What are the immediate main effects of divorce?

Upon termination of marriage, the waiting period starts, which is one of the main effects of divorce, along with the custody of the child/children and the sponsorship regarding the divorced wife.

What is the meaning of Idda “the waiting period”?

 The waiting period or Idda in Arabic represents the compulsory waiting period that the wife spends without being allowed to marry another man, following a divorce (when she has to wait three months) or in case of the husband’s death (when she has to wait for 4 months and ten days). All these procedures might seem strange, but the reason behind it makes it perfectly understandable because its purpose is to ensure that the father of any offspring produced after the cessation of marriage would be identified.

With nowadays technologies, the child’s affiliation can be probated in many other ways as well, but Islam teachings were meant to help people from hundreds of years ago when such methods were not known to humankind and establishing the child’s affiliation upon the termination of marriage was impossible.

What happens once the waiting period is over?

The importance of Idda is reflected by its direct link to the alimony to which the wife is entitled. Following the provisions stated in Personal Status Law, maintenance is due from the husband to the wife in the following cases:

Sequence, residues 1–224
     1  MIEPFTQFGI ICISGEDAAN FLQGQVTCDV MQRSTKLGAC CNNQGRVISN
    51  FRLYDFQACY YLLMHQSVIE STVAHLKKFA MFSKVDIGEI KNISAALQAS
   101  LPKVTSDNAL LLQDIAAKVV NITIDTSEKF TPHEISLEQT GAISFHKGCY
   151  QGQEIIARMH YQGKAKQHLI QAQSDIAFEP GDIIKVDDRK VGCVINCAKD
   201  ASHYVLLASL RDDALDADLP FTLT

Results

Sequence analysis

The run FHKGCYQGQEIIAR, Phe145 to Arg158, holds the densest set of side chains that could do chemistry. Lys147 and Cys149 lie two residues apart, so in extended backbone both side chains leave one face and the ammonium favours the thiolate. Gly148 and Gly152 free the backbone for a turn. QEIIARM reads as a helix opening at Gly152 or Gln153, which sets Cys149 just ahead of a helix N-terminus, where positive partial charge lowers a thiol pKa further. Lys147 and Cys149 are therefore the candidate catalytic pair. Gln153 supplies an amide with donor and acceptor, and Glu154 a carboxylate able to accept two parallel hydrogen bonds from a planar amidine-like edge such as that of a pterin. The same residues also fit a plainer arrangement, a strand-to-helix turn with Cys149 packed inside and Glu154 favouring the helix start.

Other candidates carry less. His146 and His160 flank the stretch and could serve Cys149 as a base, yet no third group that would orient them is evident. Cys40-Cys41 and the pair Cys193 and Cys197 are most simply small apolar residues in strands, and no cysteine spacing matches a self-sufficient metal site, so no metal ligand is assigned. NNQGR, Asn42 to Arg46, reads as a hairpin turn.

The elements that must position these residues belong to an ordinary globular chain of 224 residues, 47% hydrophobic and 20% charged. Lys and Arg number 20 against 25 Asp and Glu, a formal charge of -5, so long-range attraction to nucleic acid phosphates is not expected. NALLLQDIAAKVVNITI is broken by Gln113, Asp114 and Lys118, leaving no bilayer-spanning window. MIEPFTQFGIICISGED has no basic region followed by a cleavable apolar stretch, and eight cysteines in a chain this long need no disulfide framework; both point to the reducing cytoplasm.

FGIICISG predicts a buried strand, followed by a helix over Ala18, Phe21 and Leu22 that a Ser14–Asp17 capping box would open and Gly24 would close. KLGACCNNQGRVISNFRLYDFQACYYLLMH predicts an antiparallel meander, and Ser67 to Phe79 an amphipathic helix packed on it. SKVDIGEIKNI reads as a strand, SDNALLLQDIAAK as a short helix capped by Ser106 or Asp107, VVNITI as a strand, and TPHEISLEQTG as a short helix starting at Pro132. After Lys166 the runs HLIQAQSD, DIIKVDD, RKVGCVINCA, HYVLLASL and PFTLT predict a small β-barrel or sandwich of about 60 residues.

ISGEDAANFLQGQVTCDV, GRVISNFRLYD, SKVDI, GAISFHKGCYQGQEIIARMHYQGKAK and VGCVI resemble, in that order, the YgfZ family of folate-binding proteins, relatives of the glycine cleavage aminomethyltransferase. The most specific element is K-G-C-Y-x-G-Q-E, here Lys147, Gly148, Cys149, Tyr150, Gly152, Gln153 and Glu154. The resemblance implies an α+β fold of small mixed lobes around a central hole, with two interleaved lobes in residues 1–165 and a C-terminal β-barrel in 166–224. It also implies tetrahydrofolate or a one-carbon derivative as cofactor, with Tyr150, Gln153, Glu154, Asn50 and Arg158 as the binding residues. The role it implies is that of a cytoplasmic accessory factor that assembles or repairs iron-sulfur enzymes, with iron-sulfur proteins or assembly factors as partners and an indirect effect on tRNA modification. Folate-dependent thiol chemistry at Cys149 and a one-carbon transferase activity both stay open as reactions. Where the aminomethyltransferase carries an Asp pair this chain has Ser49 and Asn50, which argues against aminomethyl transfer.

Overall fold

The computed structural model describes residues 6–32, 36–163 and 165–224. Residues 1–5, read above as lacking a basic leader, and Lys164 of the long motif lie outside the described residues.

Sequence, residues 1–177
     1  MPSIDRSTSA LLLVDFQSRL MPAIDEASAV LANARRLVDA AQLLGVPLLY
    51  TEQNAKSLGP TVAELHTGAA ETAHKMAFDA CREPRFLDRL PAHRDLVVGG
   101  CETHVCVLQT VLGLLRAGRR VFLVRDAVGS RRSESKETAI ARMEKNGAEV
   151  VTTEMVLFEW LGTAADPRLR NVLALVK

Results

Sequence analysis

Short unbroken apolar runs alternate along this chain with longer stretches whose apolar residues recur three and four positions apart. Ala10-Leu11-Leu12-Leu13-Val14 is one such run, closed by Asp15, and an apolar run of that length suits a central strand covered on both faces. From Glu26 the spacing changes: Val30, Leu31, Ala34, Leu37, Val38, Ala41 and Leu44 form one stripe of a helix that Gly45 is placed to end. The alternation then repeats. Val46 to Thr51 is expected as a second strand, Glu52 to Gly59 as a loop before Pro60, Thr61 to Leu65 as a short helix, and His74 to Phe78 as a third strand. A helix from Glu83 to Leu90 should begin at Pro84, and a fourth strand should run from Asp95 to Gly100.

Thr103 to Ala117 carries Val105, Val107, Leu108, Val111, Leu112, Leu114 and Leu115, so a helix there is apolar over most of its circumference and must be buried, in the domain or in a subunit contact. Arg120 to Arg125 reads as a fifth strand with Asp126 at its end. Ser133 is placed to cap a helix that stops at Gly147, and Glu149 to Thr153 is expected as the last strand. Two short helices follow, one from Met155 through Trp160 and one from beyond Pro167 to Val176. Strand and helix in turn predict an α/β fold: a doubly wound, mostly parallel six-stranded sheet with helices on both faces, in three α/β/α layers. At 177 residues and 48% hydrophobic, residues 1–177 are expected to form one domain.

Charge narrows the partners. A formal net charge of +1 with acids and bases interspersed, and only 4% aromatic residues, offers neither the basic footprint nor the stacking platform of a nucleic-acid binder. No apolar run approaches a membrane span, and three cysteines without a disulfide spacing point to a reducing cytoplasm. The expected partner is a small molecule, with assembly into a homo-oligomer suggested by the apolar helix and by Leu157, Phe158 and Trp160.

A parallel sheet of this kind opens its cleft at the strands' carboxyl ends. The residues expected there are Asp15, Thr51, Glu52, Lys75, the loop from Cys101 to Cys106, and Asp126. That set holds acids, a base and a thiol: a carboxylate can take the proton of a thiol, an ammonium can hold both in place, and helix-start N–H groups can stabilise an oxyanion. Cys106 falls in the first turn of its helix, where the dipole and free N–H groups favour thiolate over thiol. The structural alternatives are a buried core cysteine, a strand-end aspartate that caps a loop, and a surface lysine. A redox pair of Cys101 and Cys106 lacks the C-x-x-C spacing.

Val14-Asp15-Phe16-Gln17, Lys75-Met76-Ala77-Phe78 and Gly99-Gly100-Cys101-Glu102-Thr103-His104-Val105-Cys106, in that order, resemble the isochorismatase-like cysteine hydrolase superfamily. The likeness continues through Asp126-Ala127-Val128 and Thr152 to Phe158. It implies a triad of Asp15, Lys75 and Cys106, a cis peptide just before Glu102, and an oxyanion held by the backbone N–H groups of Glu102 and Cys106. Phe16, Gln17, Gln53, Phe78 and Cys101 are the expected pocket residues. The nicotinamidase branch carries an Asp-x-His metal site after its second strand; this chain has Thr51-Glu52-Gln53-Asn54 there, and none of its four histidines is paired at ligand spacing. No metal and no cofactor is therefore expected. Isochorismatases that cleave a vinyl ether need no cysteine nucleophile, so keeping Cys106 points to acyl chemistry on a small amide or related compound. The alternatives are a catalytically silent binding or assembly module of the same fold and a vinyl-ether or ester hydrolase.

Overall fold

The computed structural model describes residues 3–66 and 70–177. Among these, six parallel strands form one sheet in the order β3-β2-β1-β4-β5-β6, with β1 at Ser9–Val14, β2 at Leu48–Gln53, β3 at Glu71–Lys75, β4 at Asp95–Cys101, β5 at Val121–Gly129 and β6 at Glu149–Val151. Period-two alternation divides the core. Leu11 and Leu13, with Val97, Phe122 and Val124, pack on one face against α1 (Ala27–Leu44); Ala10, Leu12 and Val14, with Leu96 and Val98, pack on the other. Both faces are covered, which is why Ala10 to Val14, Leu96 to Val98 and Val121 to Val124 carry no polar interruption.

1. when he denies having marital relations with her,
  2. when he abstains from supporting her or
  3. when she is in the waiting period

However, as an exception to the rule, a woman waiting for a mourning Idda is not eligible to receive alimony, but only to live in the marital residence.

In the UAE, once the waiting period is over, the husband does not owe any other financial support to his ex-wife.

What are the financial implications of divorce?

In general, marriages and divorces in the UAE follow the rule of separation of assets, which means each of the spouses will have access, in case of divorce, only to what they owned before or during their marriage, in each respective name.

The court will decide to split the goods or assets purchased together (such as a house, for example, or joint bank accounts) based on the evidence the parties will provide. Usually, the parties will submit as evidence title deeds (immovable property, a house, for example, or land), sales and purchase agreements, bank documents, etc.

[1] Ila’a is when the husband swears not to have sexual intercourse with his wife for four-month or more unless he goes back on his oath before the lapse of the four months; divorce, in this case, will be irrevocable

[2] Zihar is when a man says to his wife, “I consider your body is as forbidden to me – sexually – as if you are a mother or a sister, and so on. This is considered as another kind of “swear” that he will not have sexual intercourse with his wife.